Treatment of Facial Ageing

For people who are concerned about facial ageing, there are several options available.

Some people don’t have any desire to intervene with the natural ageing processes of the skin, which is an individual choice. There is no need to treat facial ageing if it does not bother you.

Firstly, efforts to combat the ageing process will be greatly improved by eliminating unhealthy habits like smoking or exposure to the sun. A nutrient-rich diet, regular exercise and staying hydrated by drinking water will also promote healthily and thus more naturally younger-looking skin.

While there are many products and beauty treatments available that can help to reduce the visible signs of ageing in the face (for example, using a moisturiser or undergoing a facial might help to combat dryness, thus altering the appearance of how deep lines actually are), their effects are frequently superficial and temporary - they will not drastically counteract the body’s natural ageing processes. Although they range in cost, many of these products and treatments are also very expensive; only offer a placebo effect, or can even accelerate or worsen facial ageing. Some can also cause damage to the skin, or cause secondary issues such as acne or eczema that could require specialist dermatology treatment

It is important to note that because the ageing face is a concern to many people, there is a significant amount of misleading information shared about what causes facial ageing, as well as how to ‘cure’ it. Additionally, because some people’s worry about facial ageing may make them psychologically vulnerable, they may be more susceptible to marketing that misleads or false promises to reverse the ageing process.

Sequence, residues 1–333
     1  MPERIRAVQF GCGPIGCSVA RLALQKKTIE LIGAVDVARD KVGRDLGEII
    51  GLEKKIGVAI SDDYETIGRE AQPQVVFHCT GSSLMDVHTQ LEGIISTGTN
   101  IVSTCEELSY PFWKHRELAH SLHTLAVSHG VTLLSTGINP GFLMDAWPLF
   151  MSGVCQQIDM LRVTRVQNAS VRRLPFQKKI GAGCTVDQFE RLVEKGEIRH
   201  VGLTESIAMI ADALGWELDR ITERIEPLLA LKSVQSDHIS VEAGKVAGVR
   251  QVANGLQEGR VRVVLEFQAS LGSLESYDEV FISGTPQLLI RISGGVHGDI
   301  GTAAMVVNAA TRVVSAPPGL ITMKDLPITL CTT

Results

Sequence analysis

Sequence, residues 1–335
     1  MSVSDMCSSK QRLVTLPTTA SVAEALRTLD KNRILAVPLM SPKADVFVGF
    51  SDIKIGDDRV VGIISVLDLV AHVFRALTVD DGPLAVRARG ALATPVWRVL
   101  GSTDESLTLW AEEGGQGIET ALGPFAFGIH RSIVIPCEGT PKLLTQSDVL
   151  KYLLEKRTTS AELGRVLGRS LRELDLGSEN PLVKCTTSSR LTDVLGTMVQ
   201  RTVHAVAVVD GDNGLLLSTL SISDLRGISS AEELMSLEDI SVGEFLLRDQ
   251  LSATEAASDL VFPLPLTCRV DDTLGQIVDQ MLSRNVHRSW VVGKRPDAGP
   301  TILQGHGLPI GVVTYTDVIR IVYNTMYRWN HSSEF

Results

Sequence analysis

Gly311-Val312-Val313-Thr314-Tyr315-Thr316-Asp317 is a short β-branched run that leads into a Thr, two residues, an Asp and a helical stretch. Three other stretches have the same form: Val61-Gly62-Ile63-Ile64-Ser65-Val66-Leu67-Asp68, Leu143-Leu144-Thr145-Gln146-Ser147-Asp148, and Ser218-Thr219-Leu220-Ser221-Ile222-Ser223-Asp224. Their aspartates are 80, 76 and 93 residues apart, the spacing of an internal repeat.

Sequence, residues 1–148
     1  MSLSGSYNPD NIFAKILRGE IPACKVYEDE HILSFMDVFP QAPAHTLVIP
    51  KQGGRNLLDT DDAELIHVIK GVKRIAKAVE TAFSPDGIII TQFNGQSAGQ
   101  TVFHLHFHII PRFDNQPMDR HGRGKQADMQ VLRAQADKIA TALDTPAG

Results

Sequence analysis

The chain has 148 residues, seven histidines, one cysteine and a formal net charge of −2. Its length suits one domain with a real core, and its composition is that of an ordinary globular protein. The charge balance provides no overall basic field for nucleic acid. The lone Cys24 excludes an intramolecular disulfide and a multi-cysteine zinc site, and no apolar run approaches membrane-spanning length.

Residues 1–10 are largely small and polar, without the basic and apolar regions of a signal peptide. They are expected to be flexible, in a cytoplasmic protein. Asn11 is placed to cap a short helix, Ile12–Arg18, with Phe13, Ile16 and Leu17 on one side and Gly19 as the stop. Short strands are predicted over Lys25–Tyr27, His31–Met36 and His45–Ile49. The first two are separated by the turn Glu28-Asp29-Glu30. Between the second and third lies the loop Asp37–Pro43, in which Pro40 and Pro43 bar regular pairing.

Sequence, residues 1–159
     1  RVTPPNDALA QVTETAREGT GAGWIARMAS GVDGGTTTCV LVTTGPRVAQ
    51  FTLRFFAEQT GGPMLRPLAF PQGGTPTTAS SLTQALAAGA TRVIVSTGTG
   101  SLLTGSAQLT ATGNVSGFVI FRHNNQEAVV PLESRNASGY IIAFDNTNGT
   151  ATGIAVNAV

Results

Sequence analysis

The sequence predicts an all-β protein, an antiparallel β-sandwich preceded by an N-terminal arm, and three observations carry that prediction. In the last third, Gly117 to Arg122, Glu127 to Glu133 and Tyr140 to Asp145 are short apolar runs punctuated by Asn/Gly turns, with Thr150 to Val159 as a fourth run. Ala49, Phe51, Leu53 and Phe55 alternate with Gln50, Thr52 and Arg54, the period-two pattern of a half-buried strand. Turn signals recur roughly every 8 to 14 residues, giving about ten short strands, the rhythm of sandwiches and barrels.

For those who wish to reduce the signs of facial ageing through medical aesthetics, there are some popular options, which are safe when administered or overseen by a dermatologist, such as;

It is essential to recognise that many practitioners – such as beauty therapists - claim to be able to administer some of these treatments, as a result of lax regulations in the UK.

While treatments may be described as ‘non-invasive,’ they can have serious complications that many of the individuals offering them cannot treat or even recognise; and many practitioners who claim to be ‘qualified’ have undergone as little as a half-day of training that could not offer an adequate understanding of the intricacies of facial anatomy, much less ‘expertise.’

Medical experts continue to campaign to raise awareness of the significant health risks posed by unqualified practitioners, the results of which are often highlighted by the media. Unfortunately, there have been no significant changes made to protect the public to date, and unscrupulous practitioners continue to offer discount treatments that put people at risk.

What to Expect in Treating Facial Ageing at Derma

Before treating facial ageing, and even if you have previously undergone medical anti-ageing treatment, you must first undergo a consultation with the dermatologist.

Before treating facial ageing, and even if you have previously undergone medical anti-ageing treatment, you must first undergo a consultation with the dermatologist. Your appointment will begin with a thorough analysis of your skin and medical history, followed by recommended treatment options, and the dermatologist will explain all of the potential side-effects, to enable you to select the best treatment option for you.

Whatever your needs, you can rest assured that Derma will provide the very best care for your skin, with access to the latest research and the gold standard of treatments.

For more information, or to book an appointment with Derma, please call the clinic or contact us via email here.